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SAD END TO OLD ROMANCE.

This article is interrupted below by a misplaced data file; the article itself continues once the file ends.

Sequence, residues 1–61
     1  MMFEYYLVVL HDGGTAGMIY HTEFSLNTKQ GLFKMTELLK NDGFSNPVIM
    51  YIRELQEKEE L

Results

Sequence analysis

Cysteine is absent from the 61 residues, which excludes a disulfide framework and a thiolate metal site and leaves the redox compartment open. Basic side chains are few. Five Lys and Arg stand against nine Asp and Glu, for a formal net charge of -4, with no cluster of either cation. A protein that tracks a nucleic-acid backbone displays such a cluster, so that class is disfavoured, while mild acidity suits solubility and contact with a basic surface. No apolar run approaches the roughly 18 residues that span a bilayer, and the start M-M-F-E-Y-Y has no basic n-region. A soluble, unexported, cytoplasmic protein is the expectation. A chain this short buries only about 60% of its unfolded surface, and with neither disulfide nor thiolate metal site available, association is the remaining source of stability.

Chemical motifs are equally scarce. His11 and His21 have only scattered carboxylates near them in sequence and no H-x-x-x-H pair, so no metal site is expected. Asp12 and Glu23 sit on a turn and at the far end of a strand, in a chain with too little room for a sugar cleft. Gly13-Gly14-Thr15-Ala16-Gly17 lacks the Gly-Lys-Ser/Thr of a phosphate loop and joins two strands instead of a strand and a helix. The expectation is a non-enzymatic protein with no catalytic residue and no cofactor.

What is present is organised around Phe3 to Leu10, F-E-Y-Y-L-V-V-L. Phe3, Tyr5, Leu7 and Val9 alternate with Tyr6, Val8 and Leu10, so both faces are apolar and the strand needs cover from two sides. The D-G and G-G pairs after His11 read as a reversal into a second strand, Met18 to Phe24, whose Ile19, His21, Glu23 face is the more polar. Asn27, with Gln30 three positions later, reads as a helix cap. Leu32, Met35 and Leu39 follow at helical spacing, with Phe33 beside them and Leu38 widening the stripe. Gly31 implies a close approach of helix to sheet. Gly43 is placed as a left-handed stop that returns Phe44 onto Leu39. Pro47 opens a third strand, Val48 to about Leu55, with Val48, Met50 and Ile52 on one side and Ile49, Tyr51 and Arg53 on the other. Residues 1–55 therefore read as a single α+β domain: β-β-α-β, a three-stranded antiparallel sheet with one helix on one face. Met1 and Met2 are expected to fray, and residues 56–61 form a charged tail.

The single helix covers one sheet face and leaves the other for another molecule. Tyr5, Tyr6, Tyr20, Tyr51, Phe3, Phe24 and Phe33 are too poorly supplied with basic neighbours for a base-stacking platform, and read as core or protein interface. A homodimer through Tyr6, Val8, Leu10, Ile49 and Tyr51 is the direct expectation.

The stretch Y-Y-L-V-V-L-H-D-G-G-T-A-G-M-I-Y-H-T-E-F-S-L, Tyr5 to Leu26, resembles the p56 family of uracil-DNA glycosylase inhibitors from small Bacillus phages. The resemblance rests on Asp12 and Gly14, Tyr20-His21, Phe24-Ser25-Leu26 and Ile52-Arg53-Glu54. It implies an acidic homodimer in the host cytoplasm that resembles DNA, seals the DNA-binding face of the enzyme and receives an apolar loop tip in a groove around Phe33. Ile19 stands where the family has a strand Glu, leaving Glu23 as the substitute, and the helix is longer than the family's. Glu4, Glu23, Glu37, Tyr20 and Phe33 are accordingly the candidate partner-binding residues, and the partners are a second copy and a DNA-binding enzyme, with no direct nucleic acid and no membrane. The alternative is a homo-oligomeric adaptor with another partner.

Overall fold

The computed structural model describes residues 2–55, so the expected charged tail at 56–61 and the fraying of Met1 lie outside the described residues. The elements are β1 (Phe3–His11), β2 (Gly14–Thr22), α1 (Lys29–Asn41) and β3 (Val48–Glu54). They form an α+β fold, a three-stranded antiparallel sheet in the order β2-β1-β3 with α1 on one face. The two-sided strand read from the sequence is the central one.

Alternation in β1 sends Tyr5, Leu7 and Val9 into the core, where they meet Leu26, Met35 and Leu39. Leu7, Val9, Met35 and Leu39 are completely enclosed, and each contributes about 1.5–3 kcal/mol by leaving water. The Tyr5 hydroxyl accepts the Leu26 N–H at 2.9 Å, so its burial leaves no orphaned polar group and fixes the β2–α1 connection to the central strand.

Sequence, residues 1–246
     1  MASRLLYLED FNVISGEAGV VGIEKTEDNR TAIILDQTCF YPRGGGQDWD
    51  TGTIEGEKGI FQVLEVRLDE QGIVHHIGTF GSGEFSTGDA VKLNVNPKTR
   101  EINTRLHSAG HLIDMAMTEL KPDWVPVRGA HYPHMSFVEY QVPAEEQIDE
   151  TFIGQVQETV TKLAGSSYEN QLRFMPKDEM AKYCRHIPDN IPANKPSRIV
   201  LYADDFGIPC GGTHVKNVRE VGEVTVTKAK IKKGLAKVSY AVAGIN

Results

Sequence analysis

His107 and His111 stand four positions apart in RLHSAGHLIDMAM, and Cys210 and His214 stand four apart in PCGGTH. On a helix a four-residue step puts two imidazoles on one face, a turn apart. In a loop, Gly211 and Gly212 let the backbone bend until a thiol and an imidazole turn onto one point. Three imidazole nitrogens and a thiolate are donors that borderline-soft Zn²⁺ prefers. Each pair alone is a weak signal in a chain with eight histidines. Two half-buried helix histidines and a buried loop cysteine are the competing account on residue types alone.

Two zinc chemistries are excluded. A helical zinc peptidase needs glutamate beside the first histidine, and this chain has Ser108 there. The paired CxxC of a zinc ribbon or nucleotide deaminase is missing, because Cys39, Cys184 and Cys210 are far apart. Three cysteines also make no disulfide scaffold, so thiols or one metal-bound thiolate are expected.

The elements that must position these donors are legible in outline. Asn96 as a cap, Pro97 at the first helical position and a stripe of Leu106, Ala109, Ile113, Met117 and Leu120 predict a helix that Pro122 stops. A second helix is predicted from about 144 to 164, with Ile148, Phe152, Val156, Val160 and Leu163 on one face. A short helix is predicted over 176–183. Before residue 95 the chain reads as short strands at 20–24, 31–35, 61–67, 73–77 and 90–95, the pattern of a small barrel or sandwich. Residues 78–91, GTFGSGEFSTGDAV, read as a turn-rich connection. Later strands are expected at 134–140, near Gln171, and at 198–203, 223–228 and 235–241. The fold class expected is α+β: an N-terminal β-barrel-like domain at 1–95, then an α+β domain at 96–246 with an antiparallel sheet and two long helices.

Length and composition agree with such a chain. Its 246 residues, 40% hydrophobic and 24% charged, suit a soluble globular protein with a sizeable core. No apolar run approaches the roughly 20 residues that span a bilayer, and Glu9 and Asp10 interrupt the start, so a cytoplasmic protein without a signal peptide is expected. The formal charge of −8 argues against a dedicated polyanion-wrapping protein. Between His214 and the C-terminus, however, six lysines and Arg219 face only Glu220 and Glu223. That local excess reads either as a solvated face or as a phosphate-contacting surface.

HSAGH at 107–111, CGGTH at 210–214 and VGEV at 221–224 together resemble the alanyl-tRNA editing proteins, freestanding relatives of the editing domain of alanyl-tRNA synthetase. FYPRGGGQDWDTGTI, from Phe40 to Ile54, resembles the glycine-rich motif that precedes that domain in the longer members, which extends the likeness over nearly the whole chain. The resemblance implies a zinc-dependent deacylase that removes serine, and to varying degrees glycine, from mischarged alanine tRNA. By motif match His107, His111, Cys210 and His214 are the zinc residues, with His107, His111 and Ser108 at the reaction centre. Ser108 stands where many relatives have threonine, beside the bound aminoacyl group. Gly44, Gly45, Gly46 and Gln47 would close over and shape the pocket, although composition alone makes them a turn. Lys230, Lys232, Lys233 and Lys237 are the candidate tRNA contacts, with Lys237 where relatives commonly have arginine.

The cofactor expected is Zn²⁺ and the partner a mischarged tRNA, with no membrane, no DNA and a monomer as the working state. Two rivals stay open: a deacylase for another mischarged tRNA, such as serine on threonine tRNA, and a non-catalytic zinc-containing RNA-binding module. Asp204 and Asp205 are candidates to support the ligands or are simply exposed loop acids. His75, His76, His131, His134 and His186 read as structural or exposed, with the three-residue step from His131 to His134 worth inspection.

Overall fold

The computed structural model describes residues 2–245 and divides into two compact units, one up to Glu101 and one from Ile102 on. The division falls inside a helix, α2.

Aeke Annulment of Marriage to Man - Who Went Insane. ; San Francisco. -A tragic tiuul chap ter bas b!u written to the romantic elopement of .lack IJrwkeiuldKe huJ Mls8 Adelaide Miirihy. which stirred social circles In ma ny cities ten years ago. Mrs. Breckeuridge has instituted proceedings of annuluient of marriage because of the Incuruhle. insanity of ber husband. Jack Breckenrldge. scion of noted California families, is watched by keepers in Paris. His wife, after ar ranging with her attorney here for the filing of annulment proceedings, left several days ago for Philadelphia. The marriage of Breckenrldge to "Sallie" Murphy, as she was known by her friends, took the relatives and ac quaintances of the couple by surprise. On the honeymoon trip to Paris the blight of insanity touched the mind of the young husband and all the efforts of the best physicians in Europe failed to cure him. For ten years he bas re mained there. Mrs. Breckenrldge recently brought the young son of the marriage, John Breckenrldge, Jr., to San Francisco to be with his grandmother, and with ber concurrence the annulment proceed ings are now under way here and in Paris. PENSIONED AFTER 23 YEARS. Poor Man Awarded $30 a Month and Receives $3,0C0 Back Pay. Atchison, Kan. Frank Ferris, seventy-nine years old, who served during the civil war In the Third regiment, Missouri infantry, applied for a pen sion in 1800. but because he could not produce his discharge papers bis ap plication was denied. The adjutant general of Missouri re cently in going through the records kept in that office discovered the dates of both the mustering in and discharge of Ferris. Ferris has received noti fication from Washington that the pension will be allowed. He will re ceive $80 a month and back pay for twenty-three years at the rate of $12 a month, or more than $3,000 in all. Ferris Is a carpenter and a poor man. ' PARROT GALLS ROLL IN SCHOOLROOM Pupils Always on Time to "Hear "Professor Tom." Brenham, Tex. Miss Dorothy Book er, a schoolmistress of twenty years, . has solved the problem of having pu pils in the rural districts attend school on time for the morning roll call. Miss Booker has trained a pet parrot to call the roll. Professor Tom, as he has been called since he began his du ties, is an interesting bird to the pu pils, and they all arrive on time to hear him call their names. There is not a pupil In the Independ ence school who could be made to be lieve that Professor Tom does not know them by sight as well as by name. Miss Booker when she accepted the school at Independence, near Bren ham, a year ago was bothered by the pupils not arriving on time, especially during the rainy season. She immedi ately began to plan to overcome this, but was unsuccessful for a time. Some months ago a trained parrot was sent her by a friend who was touring South America. Fortunately the par rot had been owned by English speak ing people. No sooner did the young schoolmis tress see the bird than she evolved the idea of training it At first she did not have much success, but diligent efforts brought the reward. When the process of training was first nnder way the bird was allowed to sit upon a perch In the schoolroom and listen to the teacher .call the roll. He was allowed to do this for two weeks and at first always was remov ed from the room Immediately after the roll call., Soon be was trying to call the roll with the teacher and in a short time was able to do so by him self, as he found his efforts were al ways rewarded with soda crackers. After the bird first bad the roll memorized it would persist In answer ing the "present" or "absent" after the pupils, but was soon broken of this habit Now he sits, dignified, on his perch and interrogates tn his nasal tones, "Willie Jones?" or whatever the name might be and looks to see if the teacher marks the said young Jones , "present" or "absent," according to the response of the pupil. 20 MILES ON RUNAWAY CAR Brakeman Keeps Lantern Swinging For Danger Warning, Medford, Ore. Clinging to the roof of a runaway Southern Pacific freight ear, J. F. Fowler, brakeman. dashed through the Medford yards at a seventy-five mile an hour gait at night, plncklly swinging his lantern to give what warning he could of bis meteor like approach. : i' The car traveled twenty miles over ttim main line from Ashland to Gold Hill without accident, rounding several j harp curves and finally stopping on a long ascent The operator at Ashland gave warning of its coming, and a freight train was side tracked barely In time to escape the car. -. ' its first twelve miles were covered In eleven minute IN THE WORLD OF SPORT Gilman, Great Harvard, Tackle. Photo by American Press Association. Gilman of Harvard will take high rank among the forwards of the country, when the standings are fig ured by the expert observers. He has shown up strikingly well in the big games. Gilman plays at tackle and is very successful In breaking through' Inter ference and nailing the man with the ball. As to "Chubby Charley." We understand that Chicago fans art predicting that the name of Charles W. Murphy will be erased off major league baseball, within another year, more or less, writes Jack West. The owner of the Chicago Cubs has sailed from New York for a sojourn In Europe, and 'tis said that the followers of the national pastime are not regretting the loss of Murphy In the least. Because the Cubs failed to finish the 1913 baseball season better than third, Cholly is enabled to go About his business without creating any too much excitement We are also put hep to the fact that Windy City newspapers have refused to publish Murph's homemade press notices, while some critics are positive In their assertions that Murphy will sell out his stock of the Bearlets either before or after the 1914 campaign. Murphy was anxious to have a pen nant winning ball club last year, and although Johnny Evers made as good a showing with his team as could be ex pected, Charles W. was not any too much satisfied with the final standing of the aggregation representing old Chi in the National league. It seems as if Murphy has made quite a little money out of baseball, and now that the Chicago press is "panning" him he can afford to sell out and not get any the worst of It Thistle Patch Sold For $7,500. Thistle Patch, the fast green pacer by Joe Patchen, has been sold to R. C. Newton of Detroit and will be trained and raced by W. L. Snow In 1914. Thistle Patch is by Joe Patchen, dam Sara Ann (dam of Star Patchen. 2:04; Sara Ann Patch, 2:06, etc.) by Thistle, 2:13. He is five years old and is said by horsemen to be not only one of the very fastest but the handsomest and best mannered pacer that has been seen In recent years. He was owned and trained by W. It. Dickerson of Goshen, N. Y., and worked the Lexing ton (Ky.) track this fall In 2:05. The price paid is $7,500. Simmons Leading Slugger. Although he ranks seventh in the of ficial batting list of the International league, which was Issued recently. Hack Simmons, the Brooklyn boy, is the real leader of the sluggers In the Barrow organization. Simmons, who bas appeared, in the American league on several occasions and who once wore a Highlander uniform, partici pated In 150 battles for the Rochester Hnstlers and out of 545 trips to the plate the Brooklyn lad smashed out 185 safe drives, which gave him the fine average of .339." May Not Keep English Rowing System. Captain Denegre of the Yale varsity crew, said recently that the Yale row ing authorities had not yet reached a definite decision as to whether or not EngllsU coaching methods will be con tinned at Yale this year. The committee which has the matter In charge will meet in New York, be aid. and a formal announcement will then be made. .He declined to discuss the published report that there was a possibility of James A. Ten Eyck. the Syracuse coach, taking charge of thf file "navy." .,' ::. I f W " "t, fox 1 Ifl t , A 1 ' HOLDS COURT BY PHONE. With Receiver at Ear Judge Asks - Questions and Gives Order. Denver. A rap of the bailiff's gavel, followed by a loud "Hear ye. hear ye, hear ye!" brought a number of specta tors to a halt in the first division of the district court Court attaches as sumed their accustomed places, and the first judgeless court ever held In Denver was in session. Judge J. E. Little, eighty miles away, was presiding. He was giving orders to the division clerk, Lynton Hubbard, over the long distance telephone from Colorado Springs. "Hello?" greeted his honor. "Is the court in session?" , "The court is in session, your honor," replied Clerk Hubbard. "Take this message and enter It on the docket," said Judge Little; "The judgment in the case of Charles Mlercourt against Charles and Blanche M. Snyder is set aside. The finding of the court Is that the judgment was not regularly obtained. You may adjourn npw." The judgment against the Snyders, amounting to $1,730, was awarded by a Jury over which Judge Little pre sided last May. The judgment was set aside on the showing made by Snyder that he had not been officially notified concerning the date of -the trial and the case was allowed to go by default NAME WOMEN IMMORTALS. Five Illustrious Females on List Pre pared by Professor Matthews. Chicago. Professor Brander Mat thews at the American Academy of Arts and Letters named five Ameri cans who, he says, are eligible1 as "Im mortals." , They are Ida M. Tarbell. research; Mary Wilklns Freeman, fic tion; Edith Wharton, fiction; Mary Cassatt painting, and Margaret De land, fiction. "There are other women who might obviously be eligible," added Mr. Matthews, "but these five came first to my mind. "I want to put you right on the question of the admission of women to the Immortals.' It has not been discussed at this session of the. Ameri can Academy of Arts and Letters, be cause no woman has been proposed for membership. The subject has not come op officially for ten years, since the ad mission of Julia Ward Howe. "The five come to mind as women about whom there could be no question of worthiness, but I believe It wonld be advisable for them to start an 'im mortals' of their own." 1,769,889,284 RODE ON NEW YORK GARS Greatness of City Illustrated by Statistics. New York. rrofessor Supan of Go tha, whose annual "Bevolkerung der Erde" Is accounted the authority on such statistics, last year estimated the population of the world at 1,623,300,000. During the year which ended June 80 last the ground, underground and overground transportation lines of New York carried more passengers by 146,589,284 than this total, tables made public by the public service commis sion giving the number of passengers as 1,769,880,284. By boroughs the traffic was distribut ed as follows: Manhattan. 1,112,908, 828; Brooklyn, 521.233,913; Bronx, 74, 711,453; Queens, 47.467,014; Richmond, 13,578,006. The year's increase for the city was 90,074,580. which Is al most equal to the population of the United States. The figures for the subway and ele vated lines In Manhattan are regarded by the engineers of the commission as being the most significant In the new tables. For the first time the subway carried more passengers than the ele vated lines. Its total being 327,471 ,510 more than 1,000,000 each working day. The elevated lines carried 306,845, 006, a gain of only 2.574,165. while the subway gained 24.497,654. During the year ending June 30, 1912, the "L" ex ceeded the subway by 1,296,985. BRIDE'S WEIGHT IS 560. While Bridegroom Only Tips the Scalea at 133 Pounds. Davenport, la. Hundreds attended the marriage of A. L. Woollett, weight 133 pounds, of Ornsby. Wis., and Miss Ama Gene Bare, weight 560 pounds, of Olympia, Wash., the bride being the heaviest woman in the west Miss Bergina Delhoyo was bridesmaid, while acting as best man was James Boyd. Both contracting parties are with a carnival company, but have been ac quainted for sixteen yeurs. They at tended school together. ', The ceremony was performed by Deputy Treasurer C C. Gibson, for merly a minister of the Church of Christ A handsome silver service was given to the bride by members of the carnival company following the marriage. - Ret Short Cireuite Current. " Argos, Ind. The charred body ofi a rat explained' the reason .for the: sud den' going out of electric lights here. Argoe gets' its current from Rochester, tfrutb, tn .-Fulton county, and flight there were affected. The rat's body formed a, short' eirenit that played navoo with the lighting system. "' HOW HER FRIENDS HARDLY KNOW HER But This Does Not Bother Mrs. Burton, Under the Circumstances. Houston, Texas. In an interesting letter from this city, Mrs. S. C. Burton writes as follows : "I think it is my duty to tell you what your medicine, Cardui, the woman's tonic, has done for me. I was down sick with womanly trouble, and my mother advised several different treatments, but they didn't seem to do me any good. 1 lingered along for three or four months, and for three weeks, J was in bed, so sick 1 couldn't bear fot any one to walk across the floor. My husband advised me to try Cardui, the woman's tonic I have taken two bottles of Cardui, am feeling fine, gained 15 pounds and do all of my housework. Friends hardly know me, I am so well." If you suffer from any of the ailments 50 common to women, don't allow the trouble to become chronic. Begin taking Cardui to-day. It is purely vegetable, Its ingredients acting in a gentle, natural way on the weakened womanly constitu tion. You run no risk in trying Cardui. It has been helping weak women back to health and strength for more than 50 years, ft will help you. At all dealers. Write to: Chattanooga Medicine Co., Ladln' Advisory Dept.. Chattanooga. Tenn.. for Special Instruction en your case and 64-page book, ' Home Treatment far Women," sent in plain wrapper. E69-B "Masonic ridings" A weekly publication giving news of East Tennessee Lodges and Masons. $1 per year. Give your subscription to B. 1. Susone or mail to J. R. Wil liams, publisher, Knoxville, Tenn. Advertisement i TheBeautq g ot lour figure may u Realized ! S inr ksuinA k 1 $ardgt (gstom (orsei MADE LAPKEJSLT rXIK TUU I ANt. Coract FuraUked Frat, g Uk Buck? CunMee: g V . Say Should Ru or Bmk. 9 Wttha cYw W PunW Dm. M Send for tha beautiful Faihion S Booklet showing the latest style e u i r g NEWARK N. J. " S SMIIIIUIW Miss Lela Dennis, R. F.D. No. 1. Vaurnnrt Tfnn.. will he nlpHSPfl to call upon you and take your measure ments for the Barcley.Uorset in tne privacy of your home. DOROTHY ALESHIRE BELLE OF ARMY SET "K?Vk WAS Misa Dorothy Aleshire. Miss Dorothy Aleshire, the eldei daughter of General and Mrs. J. B. Aleshire of Washington, is one of the belles of he army set at the national capital. Miss Aleshire with her mother and j younger sister spent last summer on a Wyoming ranch. 1lililII!!IIIIil!!l!!Jlill m. mm irv bone. ml TV.' 1 i V M S A; 'Wry &"t' -; 4 Beware of Ointments for Catarrh That Contain Mercury as mercury will surely destroy the sense of smell and completely derange, the whole system when entering; it through (he mucous surfaces.. 8uch articles should never be used except on prescriptions from reputable physicians, as the damage they-will do is ten told to the good you can possibly derive from them. Hall's Catarrh Cure, manufactured by F. J. Cheney & Co., Toledo, O., contains no mercury, and is taken Internally, acting; directly upon the blood and mucous sur faces of the system. In buying Hall's Catarrh Cure be sure you get the genu ine. It is taken internally and made in Toledo, Ohio, by F. J. Cheney & Co. Tes timonials free. Sold by Druggists. Price 75c per bottle. Take Hall's Ttmilj Pills (or constipation. Advertisement STRATFORD HOTEL II . i Chas. W. DeLaney, Proprietor II, jwl.jtS . Ill - - 4 Knmrvi p e padinor business section, Wall avenue, one block from Gay street. Has 140 outside rooms, 60 with pri vate baths, all furnished with brass beds, full felt mattresses and the famous Ideal Springs. I Special Merchants Rate r IHl..iirnl1n Old Field Piiroe Poplar Chestnut Pulp wood For Shipment to Canton, N. C. For Price, Specifications, and Other in formation, address Champion Fibre Co., Canton, N. The standard American FRUIT SAVE YOUR CITSSIN', FRIEND ! -: Do not buy fruit trees from an agent, unless you know him to be reliable; if you do, you may feel like cussm'. , Some are reliable and others are not. Take no chance, you may lose your lime and money, but buy direct from us and you will get large, strong, healthy trees that will bear much fruit, f No order for second or third class trees will be accepted for we have none. Our trees are first class. Winchester trees are known all over the United States. We carry a general line of nursery stock. Good agents wanted in every county. Winchester Nursery Co., Winchester, Tenn. INSURANCE On Farm Property A Specialty REASONABLE RATES I have appointed Mr. O. L. McMahan, at New- port, as Special Agent for Cocke County See ' him before placing your insurance : : : : ALLAN " THE MAN WHO CARES " Knoxville. Tennessee AGENT CONTINENTAL INSURANCECO. THE COMPANY WITH THIRTY MILLION DOLLARS J .1 M u , ""jSJ hntp In tht heart nf rhi 2 $2.00 and $2.50 Per Day j "Do You Spank Your Baby?" Babies are good when they are comfortable, and you must soothe their delicate nerves. Follow the example of wise mothers and give them - Dr. FAHRNEY'S TEETHING SYRUP remedy for infant complaints. Prevents Cholera jnianium, cures constipation and Colic, makes leetlung simple and safe. 25 cents at druggists. Trial bottle free if you mention this paper. Made only by DRS. D. FAHRNEY & SON, Hagekstown. Mo. 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